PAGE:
12 S. VI. JUNE 5, 1920.]
NOTES AND QUERIES.
brief style of the passages in question, however, is more in the manner of Shake- speare than of Middleton. But the second scene is undoubtedly non -Shakespearian. The word " apperiJ," not found in Shake- speare, is in 'Michaelmas Term' ("at her j own apperil"). Phrases that suggest Mid- j dleton are : " There's much example for 't " (" You have example for 't," ' Old Law,' j ii. 2) ; " 't has been proved " and " 't has i been done" ("'t has been threatened,"! 'Wit at Several Weapons.') The thought in " the fellow that sits next him now, parts bread with him .... is the readiest man to kill him " is echoed in ' No Wit, No Help, like a Woman's ' : " And yet, ofttimes, sir, what worse knave to a man than he that eats his meat." In the encomium on friend- ship we have : " They were the most need- less creatures living, should we ne'er have use for them, and would most resemble sweet instruments hung up in cases, that keep their sounds to themselves " ; in ' More Dissemblers Besides Women ' :
The virtues highly, as I do an instrument, When the case hangs by the wall. i, 3.
Compare, also, a similar passage in ' The Roaring Girl,' Act IV. sc. i. More phrases that savour of Middleton, in the scene under notice, are : " They are fairly welcome," " I shall accept them fairly," and " let them be received, not without fair reward."
Act II. is nearly all Shakespeare's, though Middleton is evident in the second scene. But Shakespeare scarcely appears in the third act, his only important contribution being the last speech of Timon in the sixth scene. The opening of the first is charac- teristic of Middleton :
Why, this hits right ; I dreamt of a basin and ewer to-night.
This association of a dream with a gift occurs in two other of Middleton's plays :
I dreamt to-night, Jack, I should have a secret supply. ' Your Five Gallants,' iv. 2.
See also Act I. sc. i. of ' The Widow.'
The first three scenes of the third act (as well as the second of the second) are mainly concerned with the abortive attempts of Timon to borrow money. How closely the language agrees with Middleton's will be seen by a comparison with quotations from his work, mostly in ' Michaelmas Term.' It will be the better plan to quote the extracts from ' Timon,' with the appro- priate parallels from Middleton underneath.
Where no play's title is given, the passage is from ' Timon ' :
You are very respectively welcome, sir. Gentlemen, you are all most respectively icelcome. ' Your Five Gallants,' ii. 1.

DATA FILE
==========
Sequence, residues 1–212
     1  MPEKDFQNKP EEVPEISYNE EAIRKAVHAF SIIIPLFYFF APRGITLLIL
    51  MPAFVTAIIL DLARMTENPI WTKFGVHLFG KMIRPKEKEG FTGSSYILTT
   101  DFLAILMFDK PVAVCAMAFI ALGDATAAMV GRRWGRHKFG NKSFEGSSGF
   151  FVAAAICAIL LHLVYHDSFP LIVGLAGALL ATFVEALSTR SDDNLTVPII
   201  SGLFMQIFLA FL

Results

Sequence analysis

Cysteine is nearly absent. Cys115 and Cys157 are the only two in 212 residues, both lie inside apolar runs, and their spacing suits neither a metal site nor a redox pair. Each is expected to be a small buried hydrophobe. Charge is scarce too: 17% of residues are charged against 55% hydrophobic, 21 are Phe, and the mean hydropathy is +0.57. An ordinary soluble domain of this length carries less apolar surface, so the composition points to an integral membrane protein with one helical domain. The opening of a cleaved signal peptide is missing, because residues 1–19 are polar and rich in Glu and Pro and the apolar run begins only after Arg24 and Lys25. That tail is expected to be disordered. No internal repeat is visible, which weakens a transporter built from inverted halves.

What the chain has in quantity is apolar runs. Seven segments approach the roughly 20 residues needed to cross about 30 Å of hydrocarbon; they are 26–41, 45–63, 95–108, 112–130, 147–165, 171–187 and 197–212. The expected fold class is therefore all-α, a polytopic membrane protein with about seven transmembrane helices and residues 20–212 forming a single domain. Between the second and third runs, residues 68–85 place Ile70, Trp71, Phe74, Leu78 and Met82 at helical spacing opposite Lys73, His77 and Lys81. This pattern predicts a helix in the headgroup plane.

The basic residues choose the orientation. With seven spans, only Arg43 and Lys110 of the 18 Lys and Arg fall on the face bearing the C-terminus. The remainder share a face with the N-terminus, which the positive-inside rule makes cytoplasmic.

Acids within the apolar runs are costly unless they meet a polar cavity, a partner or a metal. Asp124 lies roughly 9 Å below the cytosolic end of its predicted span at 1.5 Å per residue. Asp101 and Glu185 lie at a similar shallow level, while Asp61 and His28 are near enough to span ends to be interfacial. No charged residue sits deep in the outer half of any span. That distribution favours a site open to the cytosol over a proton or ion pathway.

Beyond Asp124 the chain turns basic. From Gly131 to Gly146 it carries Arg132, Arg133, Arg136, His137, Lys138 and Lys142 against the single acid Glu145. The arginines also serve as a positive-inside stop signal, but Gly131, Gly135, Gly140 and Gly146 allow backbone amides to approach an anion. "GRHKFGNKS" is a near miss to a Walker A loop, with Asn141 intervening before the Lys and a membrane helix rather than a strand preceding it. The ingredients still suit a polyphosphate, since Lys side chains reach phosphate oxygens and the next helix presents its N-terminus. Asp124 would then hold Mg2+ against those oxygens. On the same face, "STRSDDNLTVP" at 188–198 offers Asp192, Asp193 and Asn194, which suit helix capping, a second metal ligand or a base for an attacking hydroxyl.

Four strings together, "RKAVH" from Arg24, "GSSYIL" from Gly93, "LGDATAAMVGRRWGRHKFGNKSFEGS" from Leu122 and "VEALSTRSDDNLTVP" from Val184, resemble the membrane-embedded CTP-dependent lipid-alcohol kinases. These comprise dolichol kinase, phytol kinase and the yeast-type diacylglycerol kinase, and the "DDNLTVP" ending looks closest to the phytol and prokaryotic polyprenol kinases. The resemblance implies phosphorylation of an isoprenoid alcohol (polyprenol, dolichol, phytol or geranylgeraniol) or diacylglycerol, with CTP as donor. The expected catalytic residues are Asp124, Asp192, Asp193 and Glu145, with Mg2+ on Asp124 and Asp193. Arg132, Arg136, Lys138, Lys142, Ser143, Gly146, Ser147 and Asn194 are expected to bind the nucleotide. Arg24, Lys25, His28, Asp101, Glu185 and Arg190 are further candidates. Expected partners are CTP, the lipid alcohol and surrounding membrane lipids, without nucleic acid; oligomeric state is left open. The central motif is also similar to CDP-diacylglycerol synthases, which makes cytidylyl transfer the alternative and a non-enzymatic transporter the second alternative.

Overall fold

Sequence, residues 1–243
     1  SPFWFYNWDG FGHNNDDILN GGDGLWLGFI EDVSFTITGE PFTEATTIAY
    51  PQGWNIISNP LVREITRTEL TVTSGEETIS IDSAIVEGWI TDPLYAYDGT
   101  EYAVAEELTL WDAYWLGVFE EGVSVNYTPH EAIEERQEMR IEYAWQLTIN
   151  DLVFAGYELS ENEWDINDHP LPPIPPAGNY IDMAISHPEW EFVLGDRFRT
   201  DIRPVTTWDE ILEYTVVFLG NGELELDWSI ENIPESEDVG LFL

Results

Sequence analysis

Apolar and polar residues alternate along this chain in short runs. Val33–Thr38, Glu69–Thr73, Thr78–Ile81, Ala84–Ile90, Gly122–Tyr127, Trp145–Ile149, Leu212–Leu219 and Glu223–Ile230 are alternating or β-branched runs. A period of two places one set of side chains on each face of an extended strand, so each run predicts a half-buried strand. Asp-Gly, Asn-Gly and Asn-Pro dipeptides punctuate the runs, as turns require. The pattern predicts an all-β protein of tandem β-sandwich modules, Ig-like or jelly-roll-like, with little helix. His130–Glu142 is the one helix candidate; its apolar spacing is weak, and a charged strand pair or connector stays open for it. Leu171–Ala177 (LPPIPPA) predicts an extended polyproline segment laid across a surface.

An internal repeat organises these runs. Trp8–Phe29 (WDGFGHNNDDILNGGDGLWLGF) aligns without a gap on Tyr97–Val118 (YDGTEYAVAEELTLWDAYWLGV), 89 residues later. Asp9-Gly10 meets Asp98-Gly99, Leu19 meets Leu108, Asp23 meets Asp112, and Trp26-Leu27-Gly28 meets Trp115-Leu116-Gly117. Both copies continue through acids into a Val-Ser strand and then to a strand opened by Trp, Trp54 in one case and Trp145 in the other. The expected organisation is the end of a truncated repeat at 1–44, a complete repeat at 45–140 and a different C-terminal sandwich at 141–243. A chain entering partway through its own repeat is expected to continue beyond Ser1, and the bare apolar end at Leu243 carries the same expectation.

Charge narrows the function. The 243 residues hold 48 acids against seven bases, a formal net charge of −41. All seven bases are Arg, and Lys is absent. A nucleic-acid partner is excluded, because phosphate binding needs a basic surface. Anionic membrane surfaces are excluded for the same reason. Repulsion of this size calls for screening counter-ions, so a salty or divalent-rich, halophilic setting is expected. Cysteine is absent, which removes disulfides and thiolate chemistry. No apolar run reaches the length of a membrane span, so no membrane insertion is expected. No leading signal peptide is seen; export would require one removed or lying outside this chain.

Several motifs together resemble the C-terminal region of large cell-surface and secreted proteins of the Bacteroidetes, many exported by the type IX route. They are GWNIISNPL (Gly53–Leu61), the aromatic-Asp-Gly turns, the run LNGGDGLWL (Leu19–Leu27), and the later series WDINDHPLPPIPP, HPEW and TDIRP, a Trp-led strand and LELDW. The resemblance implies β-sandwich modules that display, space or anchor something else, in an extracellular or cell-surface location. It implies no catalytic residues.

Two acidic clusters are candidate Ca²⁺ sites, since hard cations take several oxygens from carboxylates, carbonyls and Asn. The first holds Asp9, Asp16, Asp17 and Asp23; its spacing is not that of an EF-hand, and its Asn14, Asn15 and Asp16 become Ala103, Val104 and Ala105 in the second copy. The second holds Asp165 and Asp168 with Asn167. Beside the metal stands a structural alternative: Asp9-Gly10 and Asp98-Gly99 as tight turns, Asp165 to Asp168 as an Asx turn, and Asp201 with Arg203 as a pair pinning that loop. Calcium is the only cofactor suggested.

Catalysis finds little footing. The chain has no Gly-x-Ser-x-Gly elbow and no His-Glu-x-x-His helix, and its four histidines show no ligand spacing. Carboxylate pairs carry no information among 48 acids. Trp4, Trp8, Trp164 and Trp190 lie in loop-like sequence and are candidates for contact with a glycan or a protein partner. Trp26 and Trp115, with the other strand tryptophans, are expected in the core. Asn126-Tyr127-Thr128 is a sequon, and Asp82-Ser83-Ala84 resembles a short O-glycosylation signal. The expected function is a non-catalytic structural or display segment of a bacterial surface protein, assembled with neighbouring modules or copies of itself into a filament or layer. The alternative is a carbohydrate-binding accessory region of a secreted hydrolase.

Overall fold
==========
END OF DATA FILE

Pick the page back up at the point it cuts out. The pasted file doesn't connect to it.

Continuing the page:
I am proud, say, that my occasions have found time to use 'em. toward a supply of money : let the request be fifty talents.
I come to entreat your honour to supply who, having great and instant occasion to use fifty talents, hath sent to your worship to furnish him, nothing doubting your present assistance therein.
Bun presently to Master Gum, the mercer, and will him to tell out three hundred pounds for me or more, as he is furnished.
' Michaelmas Term,' ii. 1.
Let them both rest till another occasion ; go to Master Quomodo, the draper, and will him to furnish me instantly. Ibid., ii. 1.
Has only sent his present occasion, now, my lord, requesting your lordship to supply his instant use.
Run to Master Gum, or Mastre Profit, and carry my present occasion of money to 'em.
' Michaelmas Term,' ii. 3.
I count it one of my greatest afflictions, say
that I cannot pleasure such an honourable
It is my greatest affliction at this instant, I am
not able to furnish you.
' Michaelmas Term,' ii. 3. I would we could rather pleasure you otherwise.
Ibid., iii. 4.
Can six pounds pleasure the gentlewoman ? ' Your Five Gallants,' i. 1.
What a u-icked beast was I to disfurnish myself against such a good time.
What a beast was I to put out my money t'other day.
' A Mad World, my Masters,' ii. 5.
From the above quotations, it will be seen how frequently Middleton uses the verbs " to supply," " to furnish," and " to pleasure," in situations where other terms could be employed just as correctly. Indeed, he seldom varies this language in such circumstances. For example, in the first scene of the second act of ' The Roaring Girl,' Laxton protests himself to be in extreme want of money, using the words, if you can supply me now with any means." Upon which, Mistress Gallipot asks : " What's the sum would pleasure ye, sir ? " And, later, in the second scene of the third Act, Laxton, again soliciting money, this time in writing, employs the phrase, " furnish me therefore with thirty pounds."
Scene 4 is clearly not Shakespeare's, though there is nothing outstanding to connect it definitely with Middleton beyond, perhaps, the phrase, " I'm of your fear for